Human remains found on Queen’s Sandringham Estate
HUMAN remains have been discovered in woodland on the Sandringham Estate, the Queen’s country retreat in Norfolk.
An investigation was launched after a dog walker discovered the remains at 4pm on New Year’s Day just a mile from the Royal Stud and less than two miles from the estate’s main residence.
The Queen and the Duke of Edinburgh, who are currently staying on the 20,000-acre (8,000-hectare) estate for their Christmas break, were informed of the discovery on Monday night.
The body was discovered shortly after the Royals attended a church service on Sunday.
Police said that a “detailed search” was being carried throughout the area of woodland in Anmer, near King’s Lynn, which is east of Sandringham House.
It remained unclear on Monday night how long the remains had been there, if they are in fact a body, if they had been identified, or the age of the victim or victims. The dog walker has also not been named.
A local resident, who did not want to be named, told The Daily Telegraph: “There is a heavy police presence even 24 hours after the discovery.
"You couldn't get very close to the site. Police said they expected to be there tomorrow."
A Norfolk Police spokesman said: “Detectives from Norfolk Constabulary have launched an investigation following the discovery of human remains in an area of woodland at Anmer, near King’s Lynn.
“The remains were found by a member of the public who reported the incident to police on Sunday January 1 shortly after 4pm. The area has been sealed off and a detailed search is currently being carried out.”
Police declined to comment further or release any details about the remains. No indication of the age or nature of the remains was given
A Buckingham Palace spokeswoman declined to comment, referring inquiries to police.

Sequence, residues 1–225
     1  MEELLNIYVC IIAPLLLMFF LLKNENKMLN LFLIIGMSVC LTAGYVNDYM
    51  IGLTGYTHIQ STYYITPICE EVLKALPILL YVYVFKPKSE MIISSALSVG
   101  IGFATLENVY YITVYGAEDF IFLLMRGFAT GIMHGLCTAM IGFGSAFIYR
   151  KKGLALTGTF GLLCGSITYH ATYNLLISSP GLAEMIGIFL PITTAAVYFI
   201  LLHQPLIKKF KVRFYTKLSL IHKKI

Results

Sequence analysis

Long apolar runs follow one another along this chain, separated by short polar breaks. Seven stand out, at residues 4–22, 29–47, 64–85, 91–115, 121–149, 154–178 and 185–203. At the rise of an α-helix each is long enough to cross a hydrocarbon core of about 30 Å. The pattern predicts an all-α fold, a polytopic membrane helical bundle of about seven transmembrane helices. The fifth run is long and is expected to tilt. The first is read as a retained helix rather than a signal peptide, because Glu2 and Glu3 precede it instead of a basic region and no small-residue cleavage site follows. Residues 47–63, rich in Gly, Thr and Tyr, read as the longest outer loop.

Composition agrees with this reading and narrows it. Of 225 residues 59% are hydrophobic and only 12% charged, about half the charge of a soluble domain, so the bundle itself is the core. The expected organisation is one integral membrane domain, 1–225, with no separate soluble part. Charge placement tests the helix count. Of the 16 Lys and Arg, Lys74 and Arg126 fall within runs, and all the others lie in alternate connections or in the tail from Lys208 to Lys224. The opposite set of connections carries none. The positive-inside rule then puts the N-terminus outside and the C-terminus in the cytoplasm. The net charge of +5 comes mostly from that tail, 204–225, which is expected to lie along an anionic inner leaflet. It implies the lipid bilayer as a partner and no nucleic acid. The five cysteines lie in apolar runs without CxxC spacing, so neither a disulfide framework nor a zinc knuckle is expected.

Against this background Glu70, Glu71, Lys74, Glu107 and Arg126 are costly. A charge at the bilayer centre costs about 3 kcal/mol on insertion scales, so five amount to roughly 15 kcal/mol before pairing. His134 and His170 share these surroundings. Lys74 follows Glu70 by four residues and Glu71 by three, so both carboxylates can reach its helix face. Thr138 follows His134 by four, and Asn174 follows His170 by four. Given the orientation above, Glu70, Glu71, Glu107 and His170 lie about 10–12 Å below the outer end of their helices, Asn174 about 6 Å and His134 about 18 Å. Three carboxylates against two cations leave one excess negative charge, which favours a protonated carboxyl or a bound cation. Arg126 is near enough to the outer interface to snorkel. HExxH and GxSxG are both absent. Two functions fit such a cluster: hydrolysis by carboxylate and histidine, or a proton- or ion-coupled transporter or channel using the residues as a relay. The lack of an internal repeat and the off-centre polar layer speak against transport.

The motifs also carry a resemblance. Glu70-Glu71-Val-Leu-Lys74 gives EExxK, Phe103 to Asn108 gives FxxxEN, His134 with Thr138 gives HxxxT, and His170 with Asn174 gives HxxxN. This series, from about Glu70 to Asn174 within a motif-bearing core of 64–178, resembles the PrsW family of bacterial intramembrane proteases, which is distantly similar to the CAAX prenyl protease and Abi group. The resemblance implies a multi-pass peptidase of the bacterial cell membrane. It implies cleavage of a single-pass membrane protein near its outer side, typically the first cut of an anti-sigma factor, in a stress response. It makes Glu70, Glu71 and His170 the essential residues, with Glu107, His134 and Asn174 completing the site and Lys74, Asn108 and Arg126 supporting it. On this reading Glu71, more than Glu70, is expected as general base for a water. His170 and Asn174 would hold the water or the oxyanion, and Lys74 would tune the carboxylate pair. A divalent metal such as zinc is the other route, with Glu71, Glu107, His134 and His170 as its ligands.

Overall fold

The details emerged just days after the Duke, 90, left Papworth Hospital, Cambridgeshire, where he was treated for a blocked artery after suffering chest pains.
The Duke’s heart scare forced him to miss the annual celebrations, including the annual Boxing Day shoot.
He was airlifted to hospital from Sandringham on December 23 and kept under observation for four nights after undergoing the “minimally invasive procedure” of coronary stenting, which was declared a success.
The Queen, who makes it her official base until February, was seen riding on the estate on Monday morning.
The 85-year-old year-old wore only a head scarf and the hood of her long blue waxed jacket for protection as she rode a chestnut coloured horse.
She emerged in the winter sunshine a few minutes later on horseback, accompanied by a smartly-dressed male groom on a white horse who was wearing a proper black riding hat in case he fell off.
Sandringham has served as a private residence for Royal Family since 1862. King George V, the queen's grandfather, once called "dear old Sandringham... (the) place I love better than anywhere in the world".
Around half of the estate is let to farm tenants, with much of the remainder used for forestry.
In October The Daily Telegraph disclosed that the remains of an American man had been lying near Buckingham Palace for years.
Robert James Moore sent hundreds of letters to the Queen and was driven by his obsession to set up home within sight of Buckingham Palace, on an island in St James’s Park.
But somehow his camp that he set up by went unnoticed until a tree surgeon uncovered the remains of his body in October, as many as three years after his death.